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  1. Instantiation as Partial Identity.José Tomás Alvarado Marambio - 2012 - Organon F: Medzinárodný Časopis Pre Analytickú Filozofiu 19 (4):459-487.
    This work presents and discusses the conception of instantiation as ‘partial identity’. The theory has been previously proposed in two different guises by Baxter and Armstrong . Attention will be paid mostly to Baxter’s presentation, which seems the best de veloped, and where instantiation is understood as identity of ‘aspects’ of a universal and a particular. The theory seems to offer a solution to the vexed question of Bradley’s Regress, because instantiation is no longer conceived as a relation between numerically (...)
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  • Almost Identical, Almost Innocent.Katherine Hawley - 2017 - Royal Institute of Philosophy Supplement 82:249-263.
    In his 1991 book, Parts of Classes, David Lewis discusses the idea that composition is identity, alongside the idea that mereological overlap is a form of partial identity. But this notion of partial identity does nothing to help Lewis achieve his goals in that book. So why does he mention it? I explore and resolve this puzzle, by comparing Parts of Classes with Lewis’s invocation of partial identity in his 1993 paper ‘Many But Almost One’, where he uses it to (...)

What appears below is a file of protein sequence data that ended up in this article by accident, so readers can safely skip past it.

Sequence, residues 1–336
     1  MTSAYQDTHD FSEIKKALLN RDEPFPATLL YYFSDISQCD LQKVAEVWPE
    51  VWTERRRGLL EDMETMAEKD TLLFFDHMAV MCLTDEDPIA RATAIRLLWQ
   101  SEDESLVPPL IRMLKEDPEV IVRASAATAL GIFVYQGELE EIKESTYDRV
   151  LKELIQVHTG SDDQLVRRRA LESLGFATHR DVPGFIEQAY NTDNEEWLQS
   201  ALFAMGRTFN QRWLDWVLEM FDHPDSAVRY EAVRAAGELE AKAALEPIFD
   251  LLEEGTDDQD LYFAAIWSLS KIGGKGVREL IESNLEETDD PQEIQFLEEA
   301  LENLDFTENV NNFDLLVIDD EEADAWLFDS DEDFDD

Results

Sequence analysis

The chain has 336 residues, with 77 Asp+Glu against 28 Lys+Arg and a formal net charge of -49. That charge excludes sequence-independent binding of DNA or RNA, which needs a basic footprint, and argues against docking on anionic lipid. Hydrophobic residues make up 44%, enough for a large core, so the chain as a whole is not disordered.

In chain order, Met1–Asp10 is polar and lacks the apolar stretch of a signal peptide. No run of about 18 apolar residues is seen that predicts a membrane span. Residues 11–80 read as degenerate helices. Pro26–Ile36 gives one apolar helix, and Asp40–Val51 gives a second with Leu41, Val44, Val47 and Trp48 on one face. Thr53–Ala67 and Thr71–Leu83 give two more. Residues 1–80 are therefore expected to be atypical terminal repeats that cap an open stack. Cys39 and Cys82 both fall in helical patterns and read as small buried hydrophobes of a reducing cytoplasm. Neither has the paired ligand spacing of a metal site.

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  • Instantiation as Partial Identity: Replies to Critics. [REVIEW]Donald L. M. Baxter - 2013 - Axiomathes 23 (2):291-299.
    One of the advantages of my account in the essay “Instantiation as Partial Identity” was capturing the contingency of instantiation—something David Armstrong gave up in his experiment with a similar view. What made the contingency possible for me was my own non-standard account of identity, complete with the apparatus of counts and aspects. The need remains to lift some obscurity from the account in order to display its virtues to greater advantage. To that end, I propose to respond to those (...)
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  • Can Universals Be Wholly Located Where Their Instances Are Located?John Robert Mahlan - 2018 - Metaphysica 19 (1):39-55.
    Many philosophers believe that there are both particulars and universals. Many of these philosophers, in turn, believe that universals are immanent. On this view, universals are wholly located where their instances are located. Both Douglas Ehring and E.J. Lowe have argued that immanent universals do not exist on the grounds that nothing can be wholly located in multiple places simultaneously without contradiction. In this paper, I focus on Lowe’s argument, which has received far less attention in the literature. Using the (...)
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